Learning Brought To You By…

We live in a consumer culture that is saturated with marketing. Short of going off the grid and living like the Amish, it’s hard to avoid someone trying to sell you something. Because of the increased number of “screens” (computers, cell phones), kids and teens are spending lots of time away from where traditional advertising used to be – in between TV shows and clearly labeled in the pages of magazines. Brands are now integrated seamlessly into content (product placement), and online destinations are either flooded with online ads or corporate entities trying to be your friends or they are created by brands, i.e. Webkinz. Because of this new landscape, parents have to educate kids and teens to identify marketing and explain the real motivation behind a certain viral video and that the real goal of a brand’s website is to ultimately get them (or you as the parent) to buy certain products.

That said, if a brand happens to create a website that offers educational opportunities, as long as you teach marketing literacy, I don’t see a problem with allowing your kids to spend supervised, limited time on these sites. Evidently a few brands have created online destinations kids can actually learn something from. Stars for Kids (a market research firm) asked teachers to rank which of these branded sites could actually be useful. Here’s more from their report:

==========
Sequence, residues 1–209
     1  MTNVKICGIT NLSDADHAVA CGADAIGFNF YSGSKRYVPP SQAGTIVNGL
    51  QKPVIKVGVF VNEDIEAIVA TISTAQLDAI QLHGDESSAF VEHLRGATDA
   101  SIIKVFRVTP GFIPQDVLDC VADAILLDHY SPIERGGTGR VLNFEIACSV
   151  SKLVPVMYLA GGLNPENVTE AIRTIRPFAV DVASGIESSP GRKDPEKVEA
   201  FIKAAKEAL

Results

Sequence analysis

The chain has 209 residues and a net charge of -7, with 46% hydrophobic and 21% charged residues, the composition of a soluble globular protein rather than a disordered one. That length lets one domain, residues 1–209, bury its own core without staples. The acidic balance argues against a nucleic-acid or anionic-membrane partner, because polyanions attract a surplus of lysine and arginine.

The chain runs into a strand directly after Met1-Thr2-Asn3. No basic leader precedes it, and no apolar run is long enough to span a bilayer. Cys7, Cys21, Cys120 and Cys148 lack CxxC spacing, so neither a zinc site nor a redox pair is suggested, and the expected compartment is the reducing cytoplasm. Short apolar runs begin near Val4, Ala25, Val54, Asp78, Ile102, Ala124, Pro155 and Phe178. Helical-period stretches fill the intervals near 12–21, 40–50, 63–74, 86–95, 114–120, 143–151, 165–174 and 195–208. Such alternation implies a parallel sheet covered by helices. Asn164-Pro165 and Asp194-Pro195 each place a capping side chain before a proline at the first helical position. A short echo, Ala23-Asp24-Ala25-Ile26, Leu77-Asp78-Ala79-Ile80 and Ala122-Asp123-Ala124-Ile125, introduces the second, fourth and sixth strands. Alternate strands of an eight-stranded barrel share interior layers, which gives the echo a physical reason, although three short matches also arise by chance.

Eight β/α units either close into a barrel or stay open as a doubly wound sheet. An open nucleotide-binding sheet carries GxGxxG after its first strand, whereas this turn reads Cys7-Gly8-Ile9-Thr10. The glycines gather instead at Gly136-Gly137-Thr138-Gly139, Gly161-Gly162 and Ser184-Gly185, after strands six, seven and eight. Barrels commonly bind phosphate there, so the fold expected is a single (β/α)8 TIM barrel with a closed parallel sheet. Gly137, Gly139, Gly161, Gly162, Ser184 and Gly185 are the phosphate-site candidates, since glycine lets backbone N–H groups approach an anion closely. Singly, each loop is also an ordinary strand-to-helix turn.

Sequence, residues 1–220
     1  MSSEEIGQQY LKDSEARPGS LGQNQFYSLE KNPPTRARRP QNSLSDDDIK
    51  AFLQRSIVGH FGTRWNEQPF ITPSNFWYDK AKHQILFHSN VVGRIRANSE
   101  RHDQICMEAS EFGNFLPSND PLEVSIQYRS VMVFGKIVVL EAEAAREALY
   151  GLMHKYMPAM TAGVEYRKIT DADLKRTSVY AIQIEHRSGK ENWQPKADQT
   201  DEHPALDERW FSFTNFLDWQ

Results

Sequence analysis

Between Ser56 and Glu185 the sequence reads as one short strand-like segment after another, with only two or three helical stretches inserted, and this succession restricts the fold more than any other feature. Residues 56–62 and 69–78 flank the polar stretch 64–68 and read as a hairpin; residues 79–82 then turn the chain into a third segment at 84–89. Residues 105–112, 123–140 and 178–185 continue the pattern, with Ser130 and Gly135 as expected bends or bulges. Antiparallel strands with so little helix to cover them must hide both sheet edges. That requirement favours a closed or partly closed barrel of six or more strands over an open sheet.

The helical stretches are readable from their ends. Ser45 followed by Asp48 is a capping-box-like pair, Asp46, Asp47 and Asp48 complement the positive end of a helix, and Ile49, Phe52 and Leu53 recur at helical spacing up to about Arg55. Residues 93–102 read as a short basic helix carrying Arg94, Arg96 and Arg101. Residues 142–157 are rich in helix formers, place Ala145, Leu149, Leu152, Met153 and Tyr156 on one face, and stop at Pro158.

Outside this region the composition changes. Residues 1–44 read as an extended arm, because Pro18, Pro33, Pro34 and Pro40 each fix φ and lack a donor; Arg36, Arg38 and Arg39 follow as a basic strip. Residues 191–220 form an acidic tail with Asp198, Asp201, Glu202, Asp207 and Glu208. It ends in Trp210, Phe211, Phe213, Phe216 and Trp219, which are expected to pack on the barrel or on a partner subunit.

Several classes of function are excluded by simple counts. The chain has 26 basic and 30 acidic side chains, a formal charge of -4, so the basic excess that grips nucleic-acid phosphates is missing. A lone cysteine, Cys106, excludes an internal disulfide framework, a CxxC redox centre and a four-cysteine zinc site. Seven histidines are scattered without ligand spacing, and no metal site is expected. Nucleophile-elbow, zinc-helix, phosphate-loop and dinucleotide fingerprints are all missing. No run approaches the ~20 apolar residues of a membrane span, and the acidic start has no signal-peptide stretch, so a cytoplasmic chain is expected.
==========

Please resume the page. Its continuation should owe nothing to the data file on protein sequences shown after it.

Using a National Learning Standards Checklist with over 1,000 discrete elementary school grade standards across all curriculum areas, 80 teacher/evaluators measured the potential for learning enrichment on the studied 100+ sites. They were also asked which branded websites they would use to enrich their classroom lessons. The following five sites came out on top:

1. Planet Orange
Teaches: Math, algebra, measurement, economics, geography, social studies, language arts

2. Crayola
Art, visual literacy, science, technology

3. Dole 5 A Day
Health, nutrition, math, measurement, problem solving

4. American Girl
Math, measurement, problem solving, art, visual literacy

5. Millsberry
Social studies, visual literacy, math, language arts, health and safety

Obviously these sites are also selling financial planning, crayons, fruit, dolls and cereal. But if you’re clear with kids about this before they log on and point it out when you encounter commercial messages in the content, you can take advantage of an opportunity for real learning both about marketing and health, language arts, math, problem solving…

Leave a Reply

Your email address will not be published. Required fields are marked *